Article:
Cedar Rapids will delay road assessment because of COVID-19 financial concerns

More than 200 property owners were assessed for part of the $5.86 million E Avenue NW project

E Avenue NW near the intersection with Rock Valley LN NW looking east towards Stoney Point Rd. NW in northwest Cedar Rap
E Avenue NW near the intersection with Rock Valley LN NW looking east towards Stoney Point Rd. NW in northwest Cedar Rapids, Iowa, on Thursday, Jan. 4, 2018. (Jim Slosiarek/The Gazette)

Because of financial uncertainties surrounding the COVID-19 outbreak, the city of Cedar Rapids plans to give property owners on or near E Avenue NW more time to pay for a road and sidewalk assessment.

The city sent out letters last week telling owners of more than 230 properties they have until April 13 to make zero-interest payments on their assessment for the $5.86 million project to upgrade E Avenue NW, from the Highway 100 extension to Stoney Point Road NW.

The project, completed last year, involved converting the E Avenue from a chip-seal rural road to an urban street with sidewalks, curbs, storm gutters and roundabouts, The Gazette reported in 2018.

People with properties along or near E Avenue knew they would be assessed amounts ranging from several hundred dollars to several thousand dollars, depending on location. The neighborhood share of the project was about 10 percent of the total cost.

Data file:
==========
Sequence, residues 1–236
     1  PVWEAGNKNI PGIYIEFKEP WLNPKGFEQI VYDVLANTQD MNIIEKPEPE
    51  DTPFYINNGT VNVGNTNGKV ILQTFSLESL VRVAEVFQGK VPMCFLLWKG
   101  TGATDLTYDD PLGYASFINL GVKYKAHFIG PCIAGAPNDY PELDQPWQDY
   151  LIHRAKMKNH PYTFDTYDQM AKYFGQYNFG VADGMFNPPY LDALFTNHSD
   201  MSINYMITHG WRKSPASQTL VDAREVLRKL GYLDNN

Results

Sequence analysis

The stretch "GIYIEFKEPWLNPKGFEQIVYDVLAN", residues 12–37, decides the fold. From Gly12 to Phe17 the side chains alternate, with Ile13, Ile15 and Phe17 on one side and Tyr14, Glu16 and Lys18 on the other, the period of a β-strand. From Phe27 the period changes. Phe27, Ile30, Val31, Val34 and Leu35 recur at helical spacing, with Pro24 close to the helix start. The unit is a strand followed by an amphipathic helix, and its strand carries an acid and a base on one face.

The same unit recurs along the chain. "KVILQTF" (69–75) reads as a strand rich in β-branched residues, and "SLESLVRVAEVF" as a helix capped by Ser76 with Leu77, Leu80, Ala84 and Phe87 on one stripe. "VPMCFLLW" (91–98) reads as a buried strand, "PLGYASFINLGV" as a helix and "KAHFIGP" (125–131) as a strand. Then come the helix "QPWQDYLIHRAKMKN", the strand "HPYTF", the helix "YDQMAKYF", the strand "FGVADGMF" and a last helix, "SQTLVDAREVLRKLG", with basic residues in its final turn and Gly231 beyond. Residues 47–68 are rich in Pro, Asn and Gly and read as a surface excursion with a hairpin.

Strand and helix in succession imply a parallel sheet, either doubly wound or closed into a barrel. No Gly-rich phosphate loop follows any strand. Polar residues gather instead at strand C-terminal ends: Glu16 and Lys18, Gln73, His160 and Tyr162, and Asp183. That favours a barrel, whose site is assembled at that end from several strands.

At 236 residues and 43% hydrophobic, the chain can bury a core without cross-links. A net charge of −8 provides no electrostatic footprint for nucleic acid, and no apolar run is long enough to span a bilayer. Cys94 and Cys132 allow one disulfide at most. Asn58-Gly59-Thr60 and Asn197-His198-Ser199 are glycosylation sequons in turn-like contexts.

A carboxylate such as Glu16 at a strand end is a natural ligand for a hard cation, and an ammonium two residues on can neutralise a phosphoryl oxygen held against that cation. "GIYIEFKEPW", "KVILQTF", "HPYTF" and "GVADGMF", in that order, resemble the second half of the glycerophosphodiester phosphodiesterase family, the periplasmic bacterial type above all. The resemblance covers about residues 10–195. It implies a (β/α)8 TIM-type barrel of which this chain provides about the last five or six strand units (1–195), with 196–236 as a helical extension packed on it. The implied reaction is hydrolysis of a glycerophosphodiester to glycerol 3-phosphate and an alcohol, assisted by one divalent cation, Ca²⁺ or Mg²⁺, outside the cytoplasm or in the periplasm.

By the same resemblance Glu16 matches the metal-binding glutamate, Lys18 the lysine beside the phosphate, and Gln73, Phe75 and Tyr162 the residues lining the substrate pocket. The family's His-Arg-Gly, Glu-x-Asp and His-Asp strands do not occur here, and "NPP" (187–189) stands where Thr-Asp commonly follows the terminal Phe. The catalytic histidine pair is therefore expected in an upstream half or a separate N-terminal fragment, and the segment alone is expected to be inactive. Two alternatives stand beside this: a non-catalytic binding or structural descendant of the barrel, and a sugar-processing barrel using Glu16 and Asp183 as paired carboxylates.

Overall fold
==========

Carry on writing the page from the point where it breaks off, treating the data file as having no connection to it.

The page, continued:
The March 14 letter said if payments weren’t made by April 13, they would be included on property taxes over 10 years with 9 percent interest.

“I just think it’s in poor taste to go after people right now,” said Dan Kendall, who was assessed more than $600. “Certainly lop off the interest for people who can’t pay it in time.”

The spread of COVID-19 in Iowa has caused many stores, restaurants, bars and other businesses to close temporarily or reduce their workforces, which will affect paychecks and may cause more Iowans to file for unemployment.


The city is trying to figure out a way to delay the street assessment, Spokeswoman Emily Breen said Friday.

“Timelines for when assessments are issued are set by Iowa Code, and are based on when a project is officially accepted by City Council (meaning construction, change orders, documentation, etc. are all completed),” she wrote in an email. “However, the situation with COVID-19 has been rapidly changing, and we recognize the widespread effects it has had on families. Public Works staff is currently working with the City Attorney’s Office to identify measures that can be taken to allow a delay in payment. We hope to be able to have more details on that soon.”

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